BassCoutur, Valette Studio and Kidill are new to Paris Men’s Fashion Week.
Pierre François Valette established his label Valette Studio last year, intent on updating men’s tailoring for the modern dandy. Winning the Saint Laurent Institute Prize in 2019 set the wheels in motion for creating his own label, earning him support from industry veterans, including Bruno Barbier, formerly of Balenciaga. “The idea is to work on a suit, but a cool suit, with fluidity, that can be worn all day, that’s accessible,” said Valette.
For the Saint Laurent prize, the mission was to choose an iconic piece by Yves Saint Laurent from the 1960s, when the designer set down roots on the Left Bank of Paris, and rethink it for current times. Valette drew up a sharp, pin-striped jumpsuit, with no sleeves, a striking piece that serves as the starting point for the brand’s offer of precise tailoring meant to be worn with ease. His mother also provided support, giving him her sewing machine and admitting her interest in fashion. She became a doctor instead. “My mother supported me a lot — she would say, ‘I have two daughters and a son, and I gave my sewing machine to my son,’” he recalled.
“It’s true, people say fashion is fast-moving, you’re always doing something, redoing it, doing it better, doing it differently — I like this about it,” said Valette. The law studies helped prepare him, he noted. “And I don’t regret having done this track, which taught me organization skills, rigor, the ability to work fast,” he said.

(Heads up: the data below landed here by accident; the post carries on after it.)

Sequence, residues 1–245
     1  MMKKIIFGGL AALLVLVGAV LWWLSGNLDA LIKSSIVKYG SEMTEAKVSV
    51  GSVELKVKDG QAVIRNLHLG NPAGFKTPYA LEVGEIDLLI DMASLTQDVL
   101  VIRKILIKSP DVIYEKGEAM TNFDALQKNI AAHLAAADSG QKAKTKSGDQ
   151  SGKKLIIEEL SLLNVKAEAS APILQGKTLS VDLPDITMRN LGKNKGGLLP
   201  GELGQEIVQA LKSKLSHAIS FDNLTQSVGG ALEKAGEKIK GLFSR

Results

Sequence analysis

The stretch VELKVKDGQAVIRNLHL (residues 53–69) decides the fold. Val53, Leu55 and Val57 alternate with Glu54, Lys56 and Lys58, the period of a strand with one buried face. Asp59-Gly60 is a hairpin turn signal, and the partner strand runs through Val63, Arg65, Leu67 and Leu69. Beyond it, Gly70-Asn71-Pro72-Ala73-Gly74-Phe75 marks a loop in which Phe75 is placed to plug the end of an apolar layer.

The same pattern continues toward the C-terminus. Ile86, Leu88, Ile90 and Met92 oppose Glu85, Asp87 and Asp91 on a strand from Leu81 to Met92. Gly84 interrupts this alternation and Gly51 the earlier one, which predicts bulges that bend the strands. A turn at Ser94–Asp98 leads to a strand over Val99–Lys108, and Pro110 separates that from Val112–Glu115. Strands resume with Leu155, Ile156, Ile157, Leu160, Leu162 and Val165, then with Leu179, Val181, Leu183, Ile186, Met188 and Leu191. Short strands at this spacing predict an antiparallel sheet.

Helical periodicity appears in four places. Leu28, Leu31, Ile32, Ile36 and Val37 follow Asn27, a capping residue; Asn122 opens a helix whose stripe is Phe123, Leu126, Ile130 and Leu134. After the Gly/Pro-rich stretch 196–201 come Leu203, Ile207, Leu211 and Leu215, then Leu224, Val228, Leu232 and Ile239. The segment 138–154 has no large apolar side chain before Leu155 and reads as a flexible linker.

Classical music training while he was growing up also gave him a background that would help his fashion career. As a youth, he studied at a conservatory — playing various instruments including the accordion and violin, and performing in concerts each week, as well as taking part in an opera production of the “Magic Flute” directed by artist William Kentridge. “I did a lot of staging and I think this is what drew me to the world of theater and costumes — fashion may be commercial, but it’s also, fortunately, artistic,” he noted.
While studying fashion, an internship at the studios of Isabel Marant sealed his interest in pursuing the field. “Isabel Marant convinced me definitively that this is what I wanted to do,” he recalled. His education in fashion was then rounded out by a stint at Saint Laurent, where he joined the tailoring studio and as part of the brand’s institute, learned all aspects of the business, from suppliers, embroidery and merchandising. — Mimosa Spencer
Fashion brands are scrambling to find ways to push into upcycling, recycling and making use of deadstock, but here’s a brand founded on the principle of breathing life into existing fabrics. Riad Trabelsi started out in vintage — ferreting out pieces for himself, then friends, and eventually setting up a stand in a flea market. Then he reworked the clothing, and his prototypes drew praise. “At the core of it, it was about wanting to be fashionable, in an economical way, and you can find cool things, and for me, there was also a personal side — like a lab for discovery, ” he said. “Little by little, things came together, it was really accidental,” added Trabelsi. Now the label is presenting its fourth collection.